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State v. Decker

Court of Appeals of Arizona, First Division

January 7, 2016

STATE OF ARIZONA, Appellee,
v.
CURTIS DEWAYNE DECKER, Appellant

Appeal from the Superior Court in Maricopa County. No. CR2012-135551-001. The Honorable Pamela S. Gates, Judge.

Arizona Attorney General's Office, Phoenix, By Terry M. Crist, Counsel for Appellee.

Maricopa County Office of the Legal Advocate, Phoenix, By Kerri L. Chamberlin, Counsel for Appellant.

Judge Kent E. Cattani delivered the opinion of the Court, in which Presiding Judge Diane M. Johnsen and Judge John C. Gemmill joined.

OPINION

Page 955

Kent E. Cattani, Judge

[¶1] In this case we address whether firing a bullet into a residence constitutes " entry" for purposes of establishing first-degree burglary. Given Arizona's expansive statutory definition of entry, and in light of the property, possessory, and privacy interests that the offense of burglary is intended to protect, we conclude that a projectile intruding into a protected space satisfies the entry requirement for burglary. We further address and reject a claim regarding the superior court's denial of Batson [1] challenges to the State's peremptory strikes of two potential jurors. Accordingly, and for reasons that follow, we affirm Curtis Dewayne Decker's convictions of first-degree murder and burglary.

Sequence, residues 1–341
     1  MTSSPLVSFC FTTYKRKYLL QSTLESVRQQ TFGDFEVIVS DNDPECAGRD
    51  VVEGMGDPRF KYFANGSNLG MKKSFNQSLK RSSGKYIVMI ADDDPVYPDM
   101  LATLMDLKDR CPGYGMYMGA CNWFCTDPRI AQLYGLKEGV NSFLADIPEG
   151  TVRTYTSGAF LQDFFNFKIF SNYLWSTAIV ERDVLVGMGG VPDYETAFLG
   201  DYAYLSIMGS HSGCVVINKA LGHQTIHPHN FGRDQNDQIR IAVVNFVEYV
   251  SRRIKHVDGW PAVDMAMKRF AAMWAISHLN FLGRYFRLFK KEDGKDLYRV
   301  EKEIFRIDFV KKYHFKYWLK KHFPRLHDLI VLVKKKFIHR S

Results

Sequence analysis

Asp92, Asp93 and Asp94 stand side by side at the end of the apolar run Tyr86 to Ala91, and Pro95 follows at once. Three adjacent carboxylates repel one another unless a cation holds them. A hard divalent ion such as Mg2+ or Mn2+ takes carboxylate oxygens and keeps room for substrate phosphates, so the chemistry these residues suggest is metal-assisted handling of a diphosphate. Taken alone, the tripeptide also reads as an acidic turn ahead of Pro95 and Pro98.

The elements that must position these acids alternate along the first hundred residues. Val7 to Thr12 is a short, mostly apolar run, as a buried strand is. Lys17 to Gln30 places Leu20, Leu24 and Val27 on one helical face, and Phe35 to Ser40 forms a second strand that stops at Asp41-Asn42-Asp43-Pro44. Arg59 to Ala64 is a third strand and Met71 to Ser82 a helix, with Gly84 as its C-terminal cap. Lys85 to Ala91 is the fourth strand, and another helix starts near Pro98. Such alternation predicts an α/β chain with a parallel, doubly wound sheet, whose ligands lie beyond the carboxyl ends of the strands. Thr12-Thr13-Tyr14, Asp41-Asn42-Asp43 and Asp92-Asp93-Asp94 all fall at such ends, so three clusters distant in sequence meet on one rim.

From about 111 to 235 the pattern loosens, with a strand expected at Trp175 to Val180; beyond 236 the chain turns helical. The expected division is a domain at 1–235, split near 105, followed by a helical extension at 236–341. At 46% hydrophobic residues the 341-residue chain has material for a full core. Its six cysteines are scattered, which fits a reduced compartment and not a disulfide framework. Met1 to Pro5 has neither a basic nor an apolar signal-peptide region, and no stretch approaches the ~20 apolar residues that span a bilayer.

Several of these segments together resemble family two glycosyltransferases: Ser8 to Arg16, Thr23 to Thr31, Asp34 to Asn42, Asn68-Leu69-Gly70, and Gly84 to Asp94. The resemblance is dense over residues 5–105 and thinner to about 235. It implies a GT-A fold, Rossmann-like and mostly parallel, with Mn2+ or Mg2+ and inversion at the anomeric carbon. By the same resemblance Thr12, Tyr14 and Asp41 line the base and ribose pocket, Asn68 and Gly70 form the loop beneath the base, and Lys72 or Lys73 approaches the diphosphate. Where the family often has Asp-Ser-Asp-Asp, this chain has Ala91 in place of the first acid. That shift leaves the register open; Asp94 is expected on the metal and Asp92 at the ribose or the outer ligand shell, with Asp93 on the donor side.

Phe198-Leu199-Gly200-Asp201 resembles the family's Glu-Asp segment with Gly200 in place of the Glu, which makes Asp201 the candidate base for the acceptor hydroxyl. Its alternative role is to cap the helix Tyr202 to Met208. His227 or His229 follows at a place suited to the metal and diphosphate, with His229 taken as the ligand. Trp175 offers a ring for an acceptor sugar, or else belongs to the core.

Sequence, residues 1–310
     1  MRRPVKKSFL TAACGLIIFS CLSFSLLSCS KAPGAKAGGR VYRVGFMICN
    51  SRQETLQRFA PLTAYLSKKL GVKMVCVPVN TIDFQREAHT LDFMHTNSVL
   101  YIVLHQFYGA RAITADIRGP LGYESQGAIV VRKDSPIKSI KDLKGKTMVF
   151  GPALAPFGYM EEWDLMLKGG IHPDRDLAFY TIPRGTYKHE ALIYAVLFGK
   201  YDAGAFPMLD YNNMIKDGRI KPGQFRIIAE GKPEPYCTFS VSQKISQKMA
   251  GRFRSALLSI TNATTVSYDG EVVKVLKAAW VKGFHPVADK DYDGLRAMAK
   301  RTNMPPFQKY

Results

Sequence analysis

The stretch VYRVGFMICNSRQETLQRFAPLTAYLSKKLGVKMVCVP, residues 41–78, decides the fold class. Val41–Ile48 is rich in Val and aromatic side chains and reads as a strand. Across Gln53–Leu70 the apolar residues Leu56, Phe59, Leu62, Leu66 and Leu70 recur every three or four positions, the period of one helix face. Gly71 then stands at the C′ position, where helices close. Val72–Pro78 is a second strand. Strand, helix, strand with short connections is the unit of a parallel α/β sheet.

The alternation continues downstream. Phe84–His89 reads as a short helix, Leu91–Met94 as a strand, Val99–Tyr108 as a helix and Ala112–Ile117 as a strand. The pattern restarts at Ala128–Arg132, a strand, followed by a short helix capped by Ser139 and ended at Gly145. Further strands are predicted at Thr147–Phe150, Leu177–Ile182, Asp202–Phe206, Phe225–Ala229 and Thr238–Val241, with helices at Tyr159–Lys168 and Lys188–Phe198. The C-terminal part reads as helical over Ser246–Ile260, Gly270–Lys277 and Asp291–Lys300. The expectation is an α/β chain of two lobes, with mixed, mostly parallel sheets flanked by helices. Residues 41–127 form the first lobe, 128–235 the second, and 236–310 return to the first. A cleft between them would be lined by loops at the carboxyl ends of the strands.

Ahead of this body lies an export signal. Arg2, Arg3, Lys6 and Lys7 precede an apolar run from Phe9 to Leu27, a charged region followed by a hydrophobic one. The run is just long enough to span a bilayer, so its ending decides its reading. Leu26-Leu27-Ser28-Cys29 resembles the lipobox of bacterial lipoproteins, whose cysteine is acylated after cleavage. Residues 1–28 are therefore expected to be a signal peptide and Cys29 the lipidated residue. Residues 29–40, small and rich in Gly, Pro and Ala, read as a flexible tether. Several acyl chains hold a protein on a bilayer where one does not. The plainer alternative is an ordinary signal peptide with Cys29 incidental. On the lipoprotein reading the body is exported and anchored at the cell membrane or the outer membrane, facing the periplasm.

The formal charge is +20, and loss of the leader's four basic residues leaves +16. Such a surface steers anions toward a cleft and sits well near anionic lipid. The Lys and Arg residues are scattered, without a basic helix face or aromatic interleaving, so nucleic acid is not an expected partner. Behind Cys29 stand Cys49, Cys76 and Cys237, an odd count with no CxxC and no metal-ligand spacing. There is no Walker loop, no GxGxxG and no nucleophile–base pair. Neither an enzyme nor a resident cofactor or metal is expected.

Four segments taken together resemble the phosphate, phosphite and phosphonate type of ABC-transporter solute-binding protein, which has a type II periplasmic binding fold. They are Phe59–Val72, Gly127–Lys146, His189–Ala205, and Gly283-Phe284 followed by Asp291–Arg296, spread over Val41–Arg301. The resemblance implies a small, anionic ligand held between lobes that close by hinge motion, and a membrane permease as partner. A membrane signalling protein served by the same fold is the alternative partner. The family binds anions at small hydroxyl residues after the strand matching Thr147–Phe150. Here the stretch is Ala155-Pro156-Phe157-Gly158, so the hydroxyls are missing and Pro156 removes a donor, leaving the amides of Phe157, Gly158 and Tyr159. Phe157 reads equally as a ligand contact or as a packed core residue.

FACTS AND PROCEDURAL BACKGROUND

[¶2] The victim lived with his girlfriend and her mother, Judy, in Judy's apartment. Decker was friends with Judy and visited her regularly. One day, Decker and the victim fought in Judy's apartment. After pushing each other and wrestling, the victim drew a knife and cut Decker's face. Decker told the victim to step outside to " finish this," but the victim stayed inside and Decker rode away on a bicycle.

[¶3] About 20 minutes later, Decker returned with two or three people in a car. They all got out of the car, and Decker walked to Judy's front door. The apartment manager--looking on from her own apartment--saw Judy standing beside the open door as Decker stood in the doorway, drew a gun, and quickly fired three shots. Decker then laughed, put the gun in his pocket, and left in the car. The victim, who was inside Judy's apartment, died from two close-range gunshot wounds to the chest. Judy later told the victim's daughter that she had seen Decker " in the doorway" and that Decker had shot the victim.

[¶4] After the apartment manager identified Decker from a photographic lineup, Decker was arrested and charged with first-degree murder and first-degree burglary. After an initial mistrial due to a hung jury, Decker was convicted as charged, with the jury unanimously finding both premeditated and felony murder. Decker was sentenced to concurrent terms of life in prison with the possibility of release after 25 years for the murder conviction and 10.5 years for the burglary conviction, and he timely appealed. We have jurisdiction under Arizona Revised Statutes (" A.R.S." ) § 13-4033.[2]

DISCUSSION

I. Batson Challenges.

[¶5] Decker argues that the superior court erred by denying his Batson challenges to the State's peremptory ...


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